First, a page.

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Michelle Monje Awarded ‘Genius Grant’

Neuroscientist and neurooncologist Michelle Monje, MD, PhD, was awarded a 2021 MacArthur Fellowship from the John D. and Catherine T. MacArthur Foundation.

“I was very surprised and incredibly honored,” says Monje, associate professor of neurology and neurological sciences, describing her reaction to the phone call during which she was informed she was a recipient of the $625,000 grant.

The prestigious fellowship, unofficially known as a “genius grant,” is given “to talented individuals in a variety of fields who have shown exceptional originality in and dedication to their creative pursuits,” according to a statement from the foundation.

Monje’s research focuses on understanding healthy brain development, especially the role of glial cells, which surround and support neurons and contribute to brain plasticity. Her team also studies how the cells’ development goes awry in a group of pediatric brain tumors known as high-grade gliomas, such as glioblastoma and diffuse intrinsic pontine glioma.

Her work to understand both healthy and cancerous glia is providing new hope for better therapies to treat gliomas.

“Dr. Monje’s research is driven by a combination of deep scientific curiosity about healthy neurological development and compassion for children who are affected by deadly brain tumors,” says Lloyd Minor, MD, dean of the Stanford School of Medicine. “Her work is a fantastic example of the type of multidisciplinary creativity that is honored by the MacArthur Fellowship, and we are thrilled that she was selected.”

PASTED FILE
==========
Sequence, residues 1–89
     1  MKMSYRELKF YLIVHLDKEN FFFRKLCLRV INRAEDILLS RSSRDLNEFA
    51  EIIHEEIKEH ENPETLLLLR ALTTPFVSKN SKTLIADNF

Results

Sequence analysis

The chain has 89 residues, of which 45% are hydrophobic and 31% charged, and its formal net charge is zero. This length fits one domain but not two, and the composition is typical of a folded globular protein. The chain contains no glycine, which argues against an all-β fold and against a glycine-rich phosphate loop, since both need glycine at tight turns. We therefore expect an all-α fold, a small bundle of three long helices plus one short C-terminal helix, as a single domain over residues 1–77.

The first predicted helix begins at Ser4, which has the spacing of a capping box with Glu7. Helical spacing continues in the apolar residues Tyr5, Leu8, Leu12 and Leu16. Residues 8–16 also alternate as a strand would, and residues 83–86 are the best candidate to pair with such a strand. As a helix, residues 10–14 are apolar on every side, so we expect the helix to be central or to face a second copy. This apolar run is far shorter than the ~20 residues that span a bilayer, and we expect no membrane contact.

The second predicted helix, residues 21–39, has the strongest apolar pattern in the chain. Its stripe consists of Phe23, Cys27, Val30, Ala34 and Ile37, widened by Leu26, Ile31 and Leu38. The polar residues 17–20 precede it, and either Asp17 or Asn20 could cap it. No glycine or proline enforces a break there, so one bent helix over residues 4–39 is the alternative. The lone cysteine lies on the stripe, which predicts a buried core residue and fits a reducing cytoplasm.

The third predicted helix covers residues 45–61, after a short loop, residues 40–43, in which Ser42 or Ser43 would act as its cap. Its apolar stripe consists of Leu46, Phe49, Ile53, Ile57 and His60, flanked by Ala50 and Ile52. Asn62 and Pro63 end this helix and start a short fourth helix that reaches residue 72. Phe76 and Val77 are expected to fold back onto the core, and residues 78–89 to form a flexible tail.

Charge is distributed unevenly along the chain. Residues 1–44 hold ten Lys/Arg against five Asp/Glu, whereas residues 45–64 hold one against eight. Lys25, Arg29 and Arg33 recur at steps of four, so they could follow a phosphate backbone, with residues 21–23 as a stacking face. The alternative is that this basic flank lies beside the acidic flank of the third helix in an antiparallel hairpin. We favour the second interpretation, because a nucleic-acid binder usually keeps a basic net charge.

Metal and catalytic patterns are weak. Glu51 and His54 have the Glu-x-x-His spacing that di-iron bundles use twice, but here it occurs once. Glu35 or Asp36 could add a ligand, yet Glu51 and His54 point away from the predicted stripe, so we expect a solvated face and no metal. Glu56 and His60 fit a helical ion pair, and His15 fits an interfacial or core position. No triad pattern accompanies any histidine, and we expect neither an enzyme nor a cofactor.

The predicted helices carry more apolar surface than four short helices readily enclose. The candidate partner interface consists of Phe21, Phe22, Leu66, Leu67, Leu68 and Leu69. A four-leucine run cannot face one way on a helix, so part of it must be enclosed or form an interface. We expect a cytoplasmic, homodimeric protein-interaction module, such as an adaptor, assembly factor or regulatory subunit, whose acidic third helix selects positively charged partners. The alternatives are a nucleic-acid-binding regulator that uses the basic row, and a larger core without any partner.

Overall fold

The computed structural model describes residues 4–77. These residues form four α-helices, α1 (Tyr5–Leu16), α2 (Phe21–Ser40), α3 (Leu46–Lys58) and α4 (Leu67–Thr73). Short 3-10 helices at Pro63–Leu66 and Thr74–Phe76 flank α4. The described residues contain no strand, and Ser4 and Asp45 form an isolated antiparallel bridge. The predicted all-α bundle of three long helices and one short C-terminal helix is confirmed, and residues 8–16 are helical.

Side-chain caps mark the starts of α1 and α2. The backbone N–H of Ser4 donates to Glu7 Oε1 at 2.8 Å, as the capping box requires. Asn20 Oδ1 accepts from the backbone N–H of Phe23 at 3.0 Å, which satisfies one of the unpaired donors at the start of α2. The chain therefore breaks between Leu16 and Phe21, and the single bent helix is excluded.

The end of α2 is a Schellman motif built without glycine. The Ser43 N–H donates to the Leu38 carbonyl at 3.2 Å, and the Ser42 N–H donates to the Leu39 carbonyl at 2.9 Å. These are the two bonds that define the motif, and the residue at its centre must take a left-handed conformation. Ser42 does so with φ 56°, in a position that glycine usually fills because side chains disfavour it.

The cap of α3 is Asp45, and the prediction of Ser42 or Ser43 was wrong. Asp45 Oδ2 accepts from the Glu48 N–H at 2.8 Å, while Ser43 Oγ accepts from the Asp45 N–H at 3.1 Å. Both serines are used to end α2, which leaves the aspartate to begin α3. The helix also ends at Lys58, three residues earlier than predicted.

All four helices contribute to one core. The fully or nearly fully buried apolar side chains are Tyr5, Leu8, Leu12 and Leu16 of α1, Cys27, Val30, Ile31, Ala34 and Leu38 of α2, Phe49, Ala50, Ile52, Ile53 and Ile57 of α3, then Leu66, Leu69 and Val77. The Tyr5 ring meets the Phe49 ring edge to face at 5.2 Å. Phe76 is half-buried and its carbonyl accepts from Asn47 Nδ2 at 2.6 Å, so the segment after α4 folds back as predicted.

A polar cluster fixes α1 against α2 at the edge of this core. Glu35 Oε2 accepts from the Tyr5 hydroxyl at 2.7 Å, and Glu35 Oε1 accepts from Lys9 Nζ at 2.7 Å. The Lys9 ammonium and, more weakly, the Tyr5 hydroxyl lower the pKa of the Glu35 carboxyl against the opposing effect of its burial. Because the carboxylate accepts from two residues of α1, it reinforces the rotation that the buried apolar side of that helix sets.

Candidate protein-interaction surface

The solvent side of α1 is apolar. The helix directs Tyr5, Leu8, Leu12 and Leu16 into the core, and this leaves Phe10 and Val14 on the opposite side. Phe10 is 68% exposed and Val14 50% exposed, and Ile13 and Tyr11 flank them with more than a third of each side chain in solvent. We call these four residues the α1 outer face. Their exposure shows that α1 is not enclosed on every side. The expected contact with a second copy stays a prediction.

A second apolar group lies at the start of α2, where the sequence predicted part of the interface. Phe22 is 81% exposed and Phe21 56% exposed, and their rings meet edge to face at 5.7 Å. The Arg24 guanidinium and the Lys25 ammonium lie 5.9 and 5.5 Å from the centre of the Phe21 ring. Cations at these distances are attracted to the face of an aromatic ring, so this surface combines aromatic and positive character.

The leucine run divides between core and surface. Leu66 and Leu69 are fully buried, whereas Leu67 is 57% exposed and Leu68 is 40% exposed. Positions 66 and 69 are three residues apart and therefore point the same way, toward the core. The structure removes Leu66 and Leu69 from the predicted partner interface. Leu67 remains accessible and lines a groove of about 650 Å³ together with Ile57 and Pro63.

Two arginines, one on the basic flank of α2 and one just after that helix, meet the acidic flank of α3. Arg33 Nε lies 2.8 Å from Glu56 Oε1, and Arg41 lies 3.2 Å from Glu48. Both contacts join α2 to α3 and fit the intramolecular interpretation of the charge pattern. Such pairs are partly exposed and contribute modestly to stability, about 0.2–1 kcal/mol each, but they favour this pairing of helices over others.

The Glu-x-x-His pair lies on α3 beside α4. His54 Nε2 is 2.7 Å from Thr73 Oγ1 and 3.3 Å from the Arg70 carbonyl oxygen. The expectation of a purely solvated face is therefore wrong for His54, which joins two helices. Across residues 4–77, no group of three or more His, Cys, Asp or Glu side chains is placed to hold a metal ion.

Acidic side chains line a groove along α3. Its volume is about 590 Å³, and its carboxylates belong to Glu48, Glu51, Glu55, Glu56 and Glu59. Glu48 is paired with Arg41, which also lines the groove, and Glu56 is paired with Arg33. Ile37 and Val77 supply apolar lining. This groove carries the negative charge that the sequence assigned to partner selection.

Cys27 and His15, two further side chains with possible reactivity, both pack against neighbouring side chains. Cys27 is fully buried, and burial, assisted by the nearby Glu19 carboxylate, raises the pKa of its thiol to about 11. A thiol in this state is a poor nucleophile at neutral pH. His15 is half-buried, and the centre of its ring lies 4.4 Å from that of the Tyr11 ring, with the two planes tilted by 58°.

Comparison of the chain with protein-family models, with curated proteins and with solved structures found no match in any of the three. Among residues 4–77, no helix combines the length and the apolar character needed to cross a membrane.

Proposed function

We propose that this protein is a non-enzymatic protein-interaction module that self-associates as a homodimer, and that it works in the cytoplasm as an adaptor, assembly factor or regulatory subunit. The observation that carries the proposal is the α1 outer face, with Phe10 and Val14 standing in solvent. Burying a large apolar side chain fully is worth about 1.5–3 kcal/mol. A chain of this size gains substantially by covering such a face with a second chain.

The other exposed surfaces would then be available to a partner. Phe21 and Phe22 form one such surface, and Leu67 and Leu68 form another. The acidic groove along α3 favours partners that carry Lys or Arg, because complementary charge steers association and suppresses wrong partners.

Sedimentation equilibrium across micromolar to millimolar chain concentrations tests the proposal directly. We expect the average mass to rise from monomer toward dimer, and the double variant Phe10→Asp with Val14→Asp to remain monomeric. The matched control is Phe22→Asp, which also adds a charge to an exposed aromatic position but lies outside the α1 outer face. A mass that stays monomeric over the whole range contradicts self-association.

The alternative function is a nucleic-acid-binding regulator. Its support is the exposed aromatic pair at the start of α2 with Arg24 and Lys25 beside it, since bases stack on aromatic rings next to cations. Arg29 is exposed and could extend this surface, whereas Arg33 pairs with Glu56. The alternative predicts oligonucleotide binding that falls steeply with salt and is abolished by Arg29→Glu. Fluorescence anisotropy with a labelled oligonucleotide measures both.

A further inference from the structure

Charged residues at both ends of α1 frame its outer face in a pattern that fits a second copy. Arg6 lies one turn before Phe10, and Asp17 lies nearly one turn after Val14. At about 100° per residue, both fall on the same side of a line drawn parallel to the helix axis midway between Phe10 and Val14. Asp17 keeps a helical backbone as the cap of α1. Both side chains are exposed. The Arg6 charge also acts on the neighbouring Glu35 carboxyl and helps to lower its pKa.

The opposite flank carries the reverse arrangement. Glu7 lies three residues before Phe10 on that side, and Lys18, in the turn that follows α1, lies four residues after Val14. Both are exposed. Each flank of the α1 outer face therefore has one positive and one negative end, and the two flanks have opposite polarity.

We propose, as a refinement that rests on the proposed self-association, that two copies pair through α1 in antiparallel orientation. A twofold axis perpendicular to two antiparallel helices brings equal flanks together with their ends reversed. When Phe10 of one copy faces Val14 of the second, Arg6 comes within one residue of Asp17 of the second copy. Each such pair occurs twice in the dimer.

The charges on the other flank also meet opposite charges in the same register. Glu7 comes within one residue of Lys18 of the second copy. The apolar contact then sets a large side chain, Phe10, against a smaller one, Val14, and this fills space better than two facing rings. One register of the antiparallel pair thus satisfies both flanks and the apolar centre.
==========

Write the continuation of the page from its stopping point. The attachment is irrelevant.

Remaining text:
Wildfire Smoke Exposure Raises Risk for Preterm Birth

Breathing pollution from wildfire smoke increases a pregnant woman’s risk of giving birth three or more weeks early, according to a Stanford study published in Environmental Research.

Each day of smoke exposure raises a pregnant woman’s risk of premature birth, regardless of her race, ethnicity, or income, the study found. A week of smoke exposure raised the risk of early delivery by 3.4%, with the strongest impacts when women were exposed to smoke during their second trimester of pregnancy.

One possible explanation for the link between wildfire smoke exposure and preterm birth, the authors say, is that the pollution may trigger an inflammatory response, which then sets delivery in motion. The increase in risk is relatively small in the context of all the factors that contribute to the birth of a healthy, full-term baby.

“However, against a backdrop where we know so little about why some women deliver too soon, prematurely, and why others do not, finding clues like the one here helps us start piecing the bigger puzzle together,” says co-author Gary Shaw, DrPH, a professor of pediatrics and co-primary investigator of Stanford’s March of Dimes Prematurity Research Center.

Infectious Disease Expert Joins Lucile Packard Foundation for Children’s Health Board of Directors

The Lucile Packard Foundation for Children’s Health announced the appointment of Yvonne “Bonnie” Maldonado, MD, to its board of directors.

Maldonado is the Taube Professor of Global Health and Infectious Diseases and professor of pediatric infectious diseases, epidemiology, and population health at the Stanford University School of Medicine. She also directs Stanford’s Global Child Health Program and serves as the medical director of Infection Prevention and Control at Lucile Packard Children’s Hospital Stanford. During the COVID-19 pandemic, she has been at the forefront of Stanford’s research and clinical efforts, and an advisor to policymakers on how to stop virus spread.